We Are Survivors

Trigger Warning: The following article discusses suicide and may be upsetting to some readers.


Nearly 800,000 people worldwide commit suicide per year, according to the World Health Organization. That means every 40 seconds, a person takes their own life.

Whether it’s mental health issues or they decide that suicide is the only way out of an unfortunate situation, these statistics are alarming. And we may never know the reasons as to why our loved ones choose this path, or why they didn’t reach out for our help.

When my father committed suicide when I was six months old, I don’t think he understood the lasting affects it would have on his family. I don’t think he thought of how his decision would impact those he left behind.

After his death, my mother was left to raise three young children on her own. She eventually found a new love; not with another partner, but with alcohol instead.

Her need for the bottle replaced her need to take care of us, which resulted in a toxic household. I think if my father never took his own life, our lives would have been different.

Unfortunately, his struggles with mental health have become my own.

In 2013, I attempted suicide. At the last minute, I made a phone call that saved my life.

I wish more people would make the same call I did. However, I understand how the fear of being thrown into a mental hospital, or being judged, can deter them from asking for help.

I know it’s a harsh truth when you have to admit to yourself that you feel hopeless, depressed, or trapped. And I know it’s even more difficult to admit that to a friend, family member, or stranger.

I know that feeling of isolation all too well; constantly feeling like you’re drowning and trying to catch your breath as you barely rise to the surface of the water.

I know how it feels to want to give up. Even though I survived my suicide attempt, I still sometimes struggle with getting out of bed in the morning.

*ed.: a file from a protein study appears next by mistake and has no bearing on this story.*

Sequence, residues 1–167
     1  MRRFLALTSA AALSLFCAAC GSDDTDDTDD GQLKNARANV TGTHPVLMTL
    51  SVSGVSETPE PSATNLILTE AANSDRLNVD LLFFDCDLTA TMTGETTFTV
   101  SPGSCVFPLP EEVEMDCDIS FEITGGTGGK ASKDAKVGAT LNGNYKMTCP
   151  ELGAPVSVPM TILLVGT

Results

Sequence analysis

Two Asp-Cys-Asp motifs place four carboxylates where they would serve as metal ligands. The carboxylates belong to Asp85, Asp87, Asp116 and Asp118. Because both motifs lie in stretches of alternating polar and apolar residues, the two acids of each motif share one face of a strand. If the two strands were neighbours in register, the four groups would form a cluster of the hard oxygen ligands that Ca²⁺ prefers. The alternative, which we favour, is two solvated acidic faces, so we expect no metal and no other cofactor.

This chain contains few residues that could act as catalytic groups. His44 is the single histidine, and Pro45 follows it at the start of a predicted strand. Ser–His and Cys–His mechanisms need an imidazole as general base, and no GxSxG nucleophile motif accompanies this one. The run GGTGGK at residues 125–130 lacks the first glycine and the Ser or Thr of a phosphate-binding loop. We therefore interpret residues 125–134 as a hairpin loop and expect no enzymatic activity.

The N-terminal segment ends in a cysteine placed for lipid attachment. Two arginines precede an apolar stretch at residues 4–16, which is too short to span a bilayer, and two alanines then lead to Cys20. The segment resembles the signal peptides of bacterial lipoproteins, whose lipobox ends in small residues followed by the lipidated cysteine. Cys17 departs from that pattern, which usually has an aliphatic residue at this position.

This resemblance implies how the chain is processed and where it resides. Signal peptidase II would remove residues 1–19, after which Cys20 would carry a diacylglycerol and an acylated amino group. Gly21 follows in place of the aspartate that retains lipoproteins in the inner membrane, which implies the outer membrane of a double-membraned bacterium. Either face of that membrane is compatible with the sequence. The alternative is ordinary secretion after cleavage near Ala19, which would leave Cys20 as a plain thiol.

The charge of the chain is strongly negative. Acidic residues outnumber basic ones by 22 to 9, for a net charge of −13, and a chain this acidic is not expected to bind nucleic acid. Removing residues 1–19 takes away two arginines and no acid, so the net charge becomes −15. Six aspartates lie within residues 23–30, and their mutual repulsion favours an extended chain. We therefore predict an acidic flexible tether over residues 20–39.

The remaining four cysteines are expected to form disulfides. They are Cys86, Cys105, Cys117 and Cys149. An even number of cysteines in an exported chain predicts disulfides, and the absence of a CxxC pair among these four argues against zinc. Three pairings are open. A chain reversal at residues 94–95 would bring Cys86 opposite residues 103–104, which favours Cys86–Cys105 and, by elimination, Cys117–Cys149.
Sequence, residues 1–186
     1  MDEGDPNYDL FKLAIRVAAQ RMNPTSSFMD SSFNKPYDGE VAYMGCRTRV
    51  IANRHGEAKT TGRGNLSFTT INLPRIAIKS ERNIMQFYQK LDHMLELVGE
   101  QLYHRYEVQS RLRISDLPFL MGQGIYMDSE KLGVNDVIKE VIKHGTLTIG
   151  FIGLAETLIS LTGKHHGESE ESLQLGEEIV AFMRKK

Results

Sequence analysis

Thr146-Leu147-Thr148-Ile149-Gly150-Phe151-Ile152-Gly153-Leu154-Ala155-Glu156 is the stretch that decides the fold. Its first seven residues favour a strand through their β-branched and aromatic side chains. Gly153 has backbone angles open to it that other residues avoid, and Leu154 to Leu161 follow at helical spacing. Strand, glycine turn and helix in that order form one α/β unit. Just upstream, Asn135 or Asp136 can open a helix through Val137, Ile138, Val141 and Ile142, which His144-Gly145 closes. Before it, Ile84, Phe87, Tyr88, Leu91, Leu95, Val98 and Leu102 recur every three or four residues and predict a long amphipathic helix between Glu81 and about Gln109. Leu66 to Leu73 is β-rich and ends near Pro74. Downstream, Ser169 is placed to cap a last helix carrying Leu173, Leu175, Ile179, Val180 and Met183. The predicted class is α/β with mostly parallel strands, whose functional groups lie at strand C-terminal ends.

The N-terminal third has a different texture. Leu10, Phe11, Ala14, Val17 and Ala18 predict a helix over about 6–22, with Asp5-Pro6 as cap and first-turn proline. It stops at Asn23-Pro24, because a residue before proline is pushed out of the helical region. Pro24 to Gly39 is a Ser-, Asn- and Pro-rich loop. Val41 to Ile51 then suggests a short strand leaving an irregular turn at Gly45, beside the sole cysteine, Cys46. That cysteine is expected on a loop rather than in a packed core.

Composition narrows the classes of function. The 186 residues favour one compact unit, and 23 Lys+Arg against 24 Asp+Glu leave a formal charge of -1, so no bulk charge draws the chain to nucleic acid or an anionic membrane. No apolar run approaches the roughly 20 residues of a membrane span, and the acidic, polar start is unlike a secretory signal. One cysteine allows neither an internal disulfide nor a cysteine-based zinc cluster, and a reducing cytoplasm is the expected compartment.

But thinking about how my loved ones would feel if I left them behind is enough to make me want to continue living. I can’t do to them what my father did to me.

I know it feels like you’re on the front end of the battle lines and your opponent is much bigger and stronger than you are. But choosing to survive, despite all those voices in your head trying to convince you to take your own life, is winning the battle.

Waking up to a brand new day and choosing to live on this Earth is such a resilient feeling. Because this world, regardless of its flaws, has so much to offer you.

You were put on this Earth for a reason and if you leave, it will never be the same without you.

You might not believe it right now, but brighter days are ahead of you. You will rise to the water, take a deep breath in, and feel the sun on your face.

Better days are coming.

I can’t tell you when, or that you’ll have more good days than bad days. But I can promise you, they will come.

You’ll wake up and know that you’ve won the battle. Because we are fighters. We are warriors. We are survivors.

About the author
Journalist, mental health advocate, survivor. Follow Hanna on Instagram or read more articles from Hanna on Thought Catalog.

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